Articles on Health
Magnitude of Magnesium
Magnitude of Magnesium
When we think of health and minerals, we mostly think of calcium and iron. Product labels proudly announce the presence of these minerals, and we
are encouraged to obtain adequate amounts of them.
are we missing the boat? Might there be a "more important"
Although we don’t really believe that one
mineral is "more important" than another—we need them all—we
should give more attention to magnesium. This little-known
mineral plays a large part in our health.
A mineral of great magnitudeMagnesium makes up about
0.05 percent of our total body weight, or about 20 to 30
grams. It is the fourth most common mineral in the body, and
the body’s second most abundant positively charged particle
(next to potassium). Within the cells, magnesium plays a
critical role in the function of more than 300 enzymatic
reactions involving glucose, fat, protein, and
According to the Harvard Heart
Letter (August 1991), when magnesium levels are low, a
host or problems can arise. Studies have shown that people who
consume greater amounts of magnesium from hard water or their
diet are less prone to cardiovascular disease and sudden death
than those with a lower magnesium intake. This may be because
low blood levels of magnesium promote atherosclerosis. Lower
magnesium levels may also raise blood pressure or lead to
arrhythmias. Some studies have noted improved survival after a
heart attack in patients given magnesium supplements.
Obstetricians have found that the developing placenta and
fetus drain maternal magnesium stores, and low levels of
magnesium may contribute to the cardiovascular problems seen
in women during pregnancy.
does more than contribute to good cardiovascular health.
Magnesium helps turn food into energy and transmit electrical
impulses across nerves and muscles. These impulses generate
what’s called neuromuscular contraction, which causes your
muscles to flex. Thus, a deficiency in magnesium may result in
muscle cramps—those who are physically active have a greater
need for this mineral than the more
Magnesium has been used for asthma, as it
helps relax the lung muscles that open the airways for easier
breathing. It is currently gaining interest in relation to
chronic fatigue syndrome (CFS) as many CFS patients have low
blood magnesium levels and magnesium may improve energy
Magnesium is also important in controlling
blood sugar levels, as it plays a central role in the
secretion and action of insulin. It can improve insulin
response and reaction. It is also being studied for its
positive effect on fibromyalgia, migraine and tension
headaches, osteoporosis, and premenstrual syndrome.
professionals believe that few people get enough of this
important mineral. The problem starts at the beginning of the
food chain. Vegetables, pulses (peas, beans, and lentils), and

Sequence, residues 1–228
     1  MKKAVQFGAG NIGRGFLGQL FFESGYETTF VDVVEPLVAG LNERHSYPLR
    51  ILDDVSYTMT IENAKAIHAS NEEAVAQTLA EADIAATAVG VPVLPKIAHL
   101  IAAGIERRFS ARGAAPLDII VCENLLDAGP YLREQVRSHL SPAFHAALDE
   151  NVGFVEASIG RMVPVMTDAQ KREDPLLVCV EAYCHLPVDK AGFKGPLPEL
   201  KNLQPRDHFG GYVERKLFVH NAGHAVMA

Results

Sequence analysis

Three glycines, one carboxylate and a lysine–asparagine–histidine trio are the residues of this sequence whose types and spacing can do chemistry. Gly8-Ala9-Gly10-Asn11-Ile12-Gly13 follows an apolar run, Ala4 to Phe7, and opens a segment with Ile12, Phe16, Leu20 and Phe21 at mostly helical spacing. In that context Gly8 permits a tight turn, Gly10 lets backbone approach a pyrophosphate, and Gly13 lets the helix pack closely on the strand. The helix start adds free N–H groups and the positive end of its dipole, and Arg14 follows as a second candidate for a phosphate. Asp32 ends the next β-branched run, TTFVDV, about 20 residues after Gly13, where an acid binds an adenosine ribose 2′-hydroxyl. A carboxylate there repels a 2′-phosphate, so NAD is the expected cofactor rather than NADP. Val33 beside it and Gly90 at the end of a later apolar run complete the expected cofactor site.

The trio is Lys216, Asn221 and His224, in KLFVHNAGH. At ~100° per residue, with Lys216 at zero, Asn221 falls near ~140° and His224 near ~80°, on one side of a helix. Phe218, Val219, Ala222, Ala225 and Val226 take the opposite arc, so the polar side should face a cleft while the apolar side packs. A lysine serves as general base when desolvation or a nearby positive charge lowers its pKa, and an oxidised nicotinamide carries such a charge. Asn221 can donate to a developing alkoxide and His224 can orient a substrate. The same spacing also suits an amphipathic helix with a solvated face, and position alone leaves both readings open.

cereals are good sources of magnesium, but because of depleted
soils, these foods carry less of this mineral. What’s more,
today’s eating habits often preclude these foods in favor of
sugary and fatty foods.
Even if we are eating
magnesium-rich foods, we may not be getting enough magnesium.
Only 30 to 50 percent of our average daily intake is absorbed
in the small intestines.
Compounding this are factors
that inhibit absorption. High amounts of calcium, oxalic acid
(found in spinach), phytates (found in whole grain cereals),
and poorly digested fats interfere with absorption. Phosphates
are also a problem. They bind to magnesium in the bowel and
prevent its absorption. Phosphates, of course, are in
abundance in carbonated soft drinks, and, according to The Big
Family Guide to All the Minerals, a 12-ounce can of a
carbonated soft drink, which might contain 30 mg of phosphate,
might eliminate the same amount of magnesium from the
Magnesium levels are also difficult to check.
That’s because most magnesium resides within the cells—60
percent is found in the bones and 28 percent in soft tissue,
with most of this found in the liver and muscle. Only about 2
percent of our magnesium is found in body fluids, including
blood serum, which is where mineral levels are generally
Although figures vary, it is safe to say that
some 80 percent of us are not getting enough of this valuable
mineral. That means that 80 percent of us are missing out on
an easy way to improve our health and truly find optimum
Getting itConsidering that the magnesium absorption
through the digestive tract is low and that so much can
interfere with it, what is a good way to get
First, it always pays to increase your
magnesium levels through the foods you eat. Although not all
of it is absorbed, foods contain so many other nutrients and
phytochemicals that the first option is always
One can also consider oral supplementation, but
here, low absorption plays a role and you do not get the
"extras" that make magnesium-rich foods
There is also the intravenous option, but
who really wants to do this?
There may be another way,
and that is through the skin. Soaking in magnesium-rich water
may be the perfect way to help supplement your magnesium
levels. The magnesium (and other helpful minerals) found in
waters are absorbed through the skin into the bloodstream and
are distributed throughout the body.
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